Good morning, and happy first day of October. The air here in Florida is as crisp as a shower taken with your clothes on, meaning we’re still waiting for fall to show up. But what’s definitely here are fall reality TV shows, with 13 more premiering this week—plus four documentaries, including
Dancing with the Stars Juniors premieres Sunday (ABC, Sundays at 8), with this cast of young celebrities or kids of celebrities. The show was pre-taped, so it’ll be the first non-live DWTS, and the first to not rely on viewer votes—which is probably better for young contestants.
There’s another show with kid dancers debuting this week: Dancing Queen (Netflix, Oct. 5), which follows Justin Johnson and the kids at his Texas dance studio. You may know him best as Alyssa Edwards from RuPaul’s Drag Race. I’ll have a full review of his show in a few days.
And in more kid news, kids help game show contestants on the return of Child Support (ABC, Fridays at 9), which is hosted by Fred Savage and Ricky Gervais.
The original Below Deck and Captain Lee Rosbach return with an entirely new crew—except for Kate—to have hijinks while they’re ferrying passengers around Tahiti. Ever wonder whether or not Below Deck charter passengers have to pay for the experience of being filmed by a Bravo crew, and if so, how much do the Below Deck cruises cost? Click those links for answers!
Ghost Adventures (Travel Channel, Saturdays at 9) is back with a month of episodes that will culminate with “a special four-hour live investigation inside Zak Bagans’ Las Vegas Haunted Museum,” according to Travel Channel.
Cooking Channel has two shows returning: Michael McKean’s Food: Fact or Fiction? (Mondays at 10) and Jordan Andino’s Late Nite Eats (Thursdays at 10).
Discovery has two car-focused shows: the new game show Brake Room (Discovery, Mondays at 11), which tests celebrity contestants’ knowledge using viral videos, and Trans Am (Discovery, Tuesdays at 10) which follows the Warmack brothers as they restore Trans Ams.
The actor Danny Trejo hosts Man at Arms: Art of War (El Rey, Thursdays at 8), which asks people to create weapons “inspired by pop culture” and then tests them.
Dr. Oakley, Yukon Vet is back to help more animals in the remote Yukon territory (NatGeo WILD, Saturdays at 9). I’ll have an interview with her this coming Friday.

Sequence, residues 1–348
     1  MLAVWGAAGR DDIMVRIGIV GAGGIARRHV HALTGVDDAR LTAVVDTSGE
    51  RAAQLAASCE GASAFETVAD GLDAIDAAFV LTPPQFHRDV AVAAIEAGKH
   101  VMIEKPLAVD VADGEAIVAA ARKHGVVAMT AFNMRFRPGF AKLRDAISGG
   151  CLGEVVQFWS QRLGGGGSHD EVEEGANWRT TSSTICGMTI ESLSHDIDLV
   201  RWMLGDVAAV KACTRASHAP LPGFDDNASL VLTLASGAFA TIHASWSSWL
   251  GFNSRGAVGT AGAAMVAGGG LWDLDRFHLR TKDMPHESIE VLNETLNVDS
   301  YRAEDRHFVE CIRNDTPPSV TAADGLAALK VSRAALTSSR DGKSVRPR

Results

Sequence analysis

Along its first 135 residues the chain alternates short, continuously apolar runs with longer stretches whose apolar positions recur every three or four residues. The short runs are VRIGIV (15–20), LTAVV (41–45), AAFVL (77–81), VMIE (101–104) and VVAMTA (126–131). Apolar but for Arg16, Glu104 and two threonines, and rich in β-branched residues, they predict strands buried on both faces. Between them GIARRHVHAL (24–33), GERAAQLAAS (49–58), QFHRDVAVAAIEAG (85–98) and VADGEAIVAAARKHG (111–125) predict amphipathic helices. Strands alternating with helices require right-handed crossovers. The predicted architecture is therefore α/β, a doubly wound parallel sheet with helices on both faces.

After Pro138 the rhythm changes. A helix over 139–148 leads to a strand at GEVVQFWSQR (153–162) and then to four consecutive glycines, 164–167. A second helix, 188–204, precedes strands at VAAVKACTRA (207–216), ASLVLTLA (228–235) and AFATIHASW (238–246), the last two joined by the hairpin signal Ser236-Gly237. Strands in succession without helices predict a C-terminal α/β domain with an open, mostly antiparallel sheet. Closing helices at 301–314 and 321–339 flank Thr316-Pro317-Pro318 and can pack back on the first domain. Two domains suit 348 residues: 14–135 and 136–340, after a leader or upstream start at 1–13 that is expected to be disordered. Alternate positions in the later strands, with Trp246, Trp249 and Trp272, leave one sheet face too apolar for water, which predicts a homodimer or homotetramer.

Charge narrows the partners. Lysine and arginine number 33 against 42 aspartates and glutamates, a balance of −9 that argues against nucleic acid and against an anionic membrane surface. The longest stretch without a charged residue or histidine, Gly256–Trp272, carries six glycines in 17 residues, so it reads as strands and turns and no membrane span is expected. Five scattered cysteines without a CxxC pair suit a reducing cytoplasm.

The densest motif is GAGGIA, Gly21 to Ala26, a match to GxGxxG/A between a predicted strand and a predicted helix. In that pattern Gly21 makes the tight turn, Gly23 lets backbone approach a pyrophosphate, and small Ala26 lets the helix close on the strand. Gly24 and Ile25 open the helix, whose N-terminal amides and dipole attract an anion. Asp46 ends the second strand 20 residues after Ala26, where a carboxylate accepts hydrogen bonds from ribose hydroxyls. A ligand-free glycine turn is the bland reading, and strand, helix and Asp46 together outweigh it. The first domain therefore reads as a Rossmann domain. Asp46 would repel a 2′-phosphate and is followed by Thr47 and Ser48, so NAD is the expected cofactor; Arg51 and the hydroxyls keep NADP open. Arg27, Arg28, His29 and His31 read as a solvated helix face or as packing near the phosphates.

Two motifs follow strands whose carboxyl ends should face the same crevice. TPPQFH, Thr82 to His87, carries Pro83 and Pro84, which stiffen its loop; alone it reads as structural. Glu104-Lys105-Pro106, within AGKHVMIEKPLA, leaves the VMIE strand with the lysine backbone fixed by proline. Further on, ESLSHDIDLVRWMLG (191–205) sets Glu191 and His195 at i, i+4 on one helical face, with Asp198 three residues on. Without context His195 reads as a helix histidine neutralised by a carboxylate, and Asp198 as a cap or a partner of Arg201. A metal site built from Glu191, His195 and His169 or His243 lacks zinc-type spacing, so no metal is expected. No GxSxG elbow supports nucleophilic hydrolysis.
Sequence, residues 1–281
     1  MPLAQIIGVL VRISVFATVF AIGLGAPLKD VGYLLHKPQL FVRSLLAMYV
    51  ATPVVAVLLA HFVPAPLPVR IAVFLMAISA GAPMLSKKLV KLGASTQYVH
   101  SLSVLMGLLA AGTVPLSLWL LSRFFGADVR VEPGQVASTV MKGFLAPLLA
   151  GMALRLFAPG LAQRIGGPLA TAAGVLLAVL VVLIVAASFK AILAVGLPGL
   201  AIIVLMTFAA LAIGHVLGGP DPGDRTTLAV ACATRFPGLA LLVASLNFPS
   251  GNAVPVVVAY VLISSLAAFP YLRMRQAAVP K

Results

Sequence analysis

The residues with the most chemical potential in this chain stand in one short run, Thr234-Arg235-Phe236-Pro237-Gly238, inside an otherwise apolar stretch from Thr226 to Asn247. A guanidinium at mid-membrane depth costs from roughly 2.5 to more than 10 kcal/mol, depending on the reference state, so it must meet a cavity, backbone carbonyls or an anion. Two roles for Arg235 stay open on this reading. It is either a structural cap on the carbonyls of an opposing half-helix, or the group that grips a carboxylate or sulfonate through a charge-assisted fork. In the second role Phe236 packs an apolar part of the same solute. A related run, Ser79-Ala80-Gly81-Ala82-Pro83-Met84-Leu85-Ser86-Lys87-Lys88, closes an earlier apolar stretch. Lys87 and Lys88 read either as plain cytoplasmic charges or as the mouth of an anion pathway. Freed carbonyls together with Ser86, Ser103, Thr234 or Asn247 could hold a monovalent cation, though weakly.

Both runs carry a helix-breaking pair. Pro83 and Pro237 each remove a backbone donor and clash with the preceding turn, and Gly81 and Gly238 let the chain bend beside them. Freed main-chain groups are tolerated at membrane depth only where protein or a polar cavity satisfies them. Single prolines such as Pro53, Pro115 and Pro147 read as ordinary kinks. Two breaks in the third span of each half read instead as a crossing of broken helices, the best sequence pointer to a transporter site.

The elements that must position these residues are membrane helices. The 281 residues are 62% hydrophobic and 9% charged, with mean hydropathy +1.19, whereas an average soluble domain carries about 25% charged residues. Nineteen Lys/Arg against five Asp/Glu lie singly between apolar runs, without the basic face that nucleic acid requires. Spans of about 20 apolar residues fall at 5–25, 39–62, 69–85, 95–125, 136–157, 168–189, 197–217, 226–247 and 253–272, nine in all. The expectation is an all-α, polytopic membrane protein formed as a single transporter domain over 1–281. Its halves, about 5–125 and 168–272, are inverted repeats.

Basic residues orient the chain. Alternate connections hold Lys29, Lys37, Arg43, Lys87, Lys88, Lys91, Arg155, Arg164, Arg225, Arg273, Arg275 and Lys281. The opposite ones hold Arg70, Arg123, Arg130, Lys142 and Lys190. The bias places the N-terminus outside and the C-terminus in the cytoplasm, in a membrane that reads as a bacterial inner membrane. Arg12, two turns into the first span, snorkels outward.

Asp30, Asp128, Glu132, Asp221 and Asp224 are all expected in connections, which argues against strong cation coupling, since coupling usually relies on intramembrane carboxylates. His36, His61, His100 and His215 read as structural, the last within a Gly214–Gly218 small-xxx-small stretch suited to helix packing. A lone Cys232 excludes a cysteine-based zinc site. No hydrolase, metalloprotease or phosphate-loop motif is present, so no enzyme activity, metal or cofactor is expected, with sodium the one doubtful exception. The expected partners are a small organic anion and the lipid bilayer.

Unearthed (Science Channel, Tuesdays at 10) looks at “the hidden secrets of iconic monuments,” while Unprotected Sets (Epix, Fridays at 11) follows stand-up comedians.
Dark Money, The Queen, and two other documentaries
- Dark Money (PBS, Monday, Oct. 1, at 10) is described as a thriller—and for good reason. Director Kimberly Reed’s film dives into money secretly being spent on political campaigns by corporations, focusing on a riveting case in Montana. Watch its trailer:
- Queen of the World (HBO, Monday, Oct. 1, at 8) profiles Queen Elizabeth II, but also her “role as a figure on the global stage, and the baton she is passing to the younger members of the Royal Family as they continue to build upon the Commonwealth, an association of free and independent nations, the majority of which were formerly part of the British Empire,” according to HBO. It was produced by ITV and aired previous in the UK.
- 13 Sons and Pregnant (Lifetime, Tuesday, Oct. 2, at 10:30) follows Kateri and Jay Schwandt, who have 13 boys from age two to 25, who are pregnant and waiting to see if they’ll have a 14th male child or their first female child. Why the sex of any of their children matters was not in Lifetime’s press materials.
- Operation Bridge Rescue (PBS, Wednesday, Oct. 3, at 9) focuses on rebuilding wood bridges, including the rebuilding of New York’s Old Blenheim Bridge, which was built in 1855 and destroyed by a hurricane seven years ago. PBS says it follows “a team of elite bridge builders and engineers [who] faithfully reproduce the intricate timber structure under grueling time pressure—they must rebuild and move it on to new foundations before spring floods destroy their worksite,” and also goes to China, where “traditional craftsmen [are] restoring thousand-year-old covered bridges based on ingenious frameworks of woven timber beams.”